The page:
A "wood-first" policy for publicly funded projects would "rob Peter to pay Paul", Concrete NZ says.
Chief executive Rob Gaimster has criticised calls for a central government "wood-first" policy that would mean homegrown wood and processed timber would be the preferred building material for publicly funded residential, commercial and public buildings after Covid-19.
Business chambers and forestry leaders from across the country, including the Bay of Plenty, are leading the push.
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Gaimster said "favouring one material over another would have an impact on jobs and industries the policy doesn't favour, such as the good folk in the concrete, steel and quarrying industries".
"It would undermine expertise of structural engineers, architects and quantity surveyors. They're the best people to evaluate the most suitable building materials for a project, based on product performance and commercial outcomes."
Gaimster said more than 4 million cubic metres of concrete, or 750,000 truckloads, were produced in New Zealand each year.
"We have more than 200 manufacturing sites, we have representation in every region and we have to do that because our ready-mix concrete product has to be supplied within 60 minutes."
He also rebutted claims wood was a more environmentally friendly material.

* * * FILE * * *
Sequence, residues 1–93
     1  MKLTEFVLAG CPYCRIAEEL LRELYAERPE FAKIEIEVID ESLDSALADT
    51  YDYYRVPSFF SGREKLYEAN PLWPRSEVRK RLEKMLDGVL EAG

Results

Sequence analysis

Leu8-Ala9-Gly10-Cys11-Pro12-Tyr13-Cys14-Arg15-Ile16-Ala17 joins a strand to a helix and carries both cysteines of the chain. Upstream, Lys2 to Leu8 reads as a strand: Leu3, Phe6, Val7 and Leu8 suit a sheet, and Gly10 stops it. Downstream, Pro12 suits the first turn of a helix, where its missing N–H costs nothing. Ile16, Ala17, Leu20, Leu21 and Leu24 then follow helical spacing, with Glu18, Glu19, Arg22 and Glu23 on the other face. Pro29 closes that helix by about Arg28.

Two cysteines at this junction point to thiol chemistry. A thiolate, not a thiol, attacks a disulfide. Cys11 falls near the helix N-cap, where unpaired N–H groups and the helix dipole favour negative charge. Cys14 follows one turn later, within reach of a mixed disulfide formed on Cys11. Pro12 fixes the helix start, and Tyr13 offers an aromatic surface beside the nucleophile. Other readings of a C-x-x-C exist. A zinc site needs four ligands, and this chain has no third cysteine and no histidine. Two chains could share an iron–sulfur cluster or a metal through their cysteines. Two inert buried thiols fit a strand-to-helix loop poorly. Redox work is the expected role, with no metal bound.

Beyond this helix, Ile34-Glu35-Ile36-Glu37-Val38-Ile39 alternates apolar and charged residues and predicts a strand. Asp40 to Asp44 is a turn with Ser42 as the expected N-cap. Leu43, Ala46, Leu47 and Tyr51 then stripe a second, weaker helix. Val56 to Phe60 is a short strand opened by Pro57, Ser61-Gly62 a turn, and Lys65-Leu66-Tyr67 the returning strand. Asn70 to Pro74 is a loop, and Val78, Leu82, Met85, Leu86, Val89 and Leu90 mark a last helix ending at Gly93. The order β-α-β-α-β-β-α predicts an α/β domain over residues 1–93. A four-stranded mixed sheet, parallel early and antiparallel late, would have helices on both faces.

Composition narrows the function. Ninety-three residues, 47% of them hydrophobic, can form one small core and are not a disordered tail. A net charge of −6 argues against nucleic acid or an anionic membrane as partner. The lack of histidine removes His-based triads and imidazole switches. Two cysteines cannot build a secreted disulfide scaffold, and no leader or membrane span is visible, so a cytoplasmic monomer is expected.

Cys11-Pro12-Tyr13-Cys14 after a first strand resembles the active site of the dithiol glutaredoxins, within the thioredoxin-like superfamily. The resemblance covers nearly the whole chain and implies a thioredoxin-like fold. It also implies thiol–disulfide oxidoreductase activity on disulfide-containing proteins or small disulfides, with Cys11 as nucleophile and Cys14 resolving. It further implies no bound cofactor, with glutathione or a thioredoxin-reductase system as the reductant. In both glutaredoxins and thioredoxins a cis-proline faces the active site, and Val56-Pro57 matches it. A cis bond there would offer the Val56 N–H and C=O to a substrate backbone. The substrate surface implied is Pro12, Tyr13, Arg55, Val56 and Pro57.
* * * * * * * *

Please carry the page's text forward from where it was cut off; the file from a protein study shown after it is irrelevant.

"Since 2005 we have reduced our emissions associated with cement clinker by 15 per cent."
Gaimster said new products coming on to the market would reduce the footprint by 30 per cent by 2030.
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"Concrete doesn't rot, it doesn't burn and I think environmental performance should be judged on life-cycle analysis, from cradle to grave."
Steel Construction New Zealand Executive Council chairman Frank van Schaijik said the steel industry had also been hit hard by Covid-19 and been unable to produce materials.
He said they would welcome a push to reignite the building industry regardless of which material was used but "steel is recyclable so is a better building material than concrete or timber".
"Everybody wants to favour their own industry and push their own barrow."
The Rotorua Lakes Council adopted a "wood-first" policy five years ago, the first council to do so in New Zealand.
Rotorua Chamber of Commerce chief executive Bryce Heard said this week if a policy was applied nationally, it would allow the Government and private sector to "support core primary producers in times of greatest need" and stimulate investment in New Zealand's engineered wood products.
Research by Deloitte indicates a 25 per cent increase in the use of wood for construction would create more than 3000 jobs across processing, forestry and transport industries and at ports nationwide, as well as indirect support jobs.